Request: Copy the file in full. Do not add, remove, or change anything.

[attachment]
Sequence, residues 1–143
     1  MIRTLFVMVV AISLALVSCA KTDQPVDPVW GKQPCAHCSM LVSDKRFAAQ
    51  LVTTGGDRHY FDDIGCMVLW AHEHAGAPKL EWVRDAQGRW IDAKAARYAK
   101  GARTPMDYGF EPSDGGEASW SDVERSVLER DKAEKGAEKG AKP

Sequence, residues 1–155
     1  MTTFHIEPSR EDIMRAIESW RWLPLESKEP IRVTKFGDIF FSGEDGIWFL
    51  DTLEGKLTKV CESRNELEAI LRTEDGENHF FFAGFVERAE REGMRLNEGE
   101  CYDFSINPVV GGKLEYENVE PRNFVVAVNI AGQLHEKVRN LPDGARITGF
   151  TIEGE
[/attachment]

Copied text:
Sequence, residues 1–143
     1  MIRTLFVMVV AISLALVSCA KTDQPVDPVW GKQPCAHCSM LVSDKRFAAQ
    51  LVTTGGDRHY FDDIGCMVLW AHEHAGAPKL EWVRDAQGRW IDAKAARYAK
   101  GARTPMDYGF EPSDGGEASW SDVERSVLER DKAEKGAEKG AKP

Sequence, residues 1–155
     1  MTTFHIEPSR EDIMRAIESW RWLPLESKEP IRVTKFGDIF FSGEDGIWFL
    51  DTLEGKLTKV CESRNELEAI LRTEDGENHF FFAGFVERAE REGMRLNEGE
   101  CYDFSINPVV GGKLEYENVE PRNFVVAVNI AGQLHEKVRN LPDGARITGF
   151  TIEGE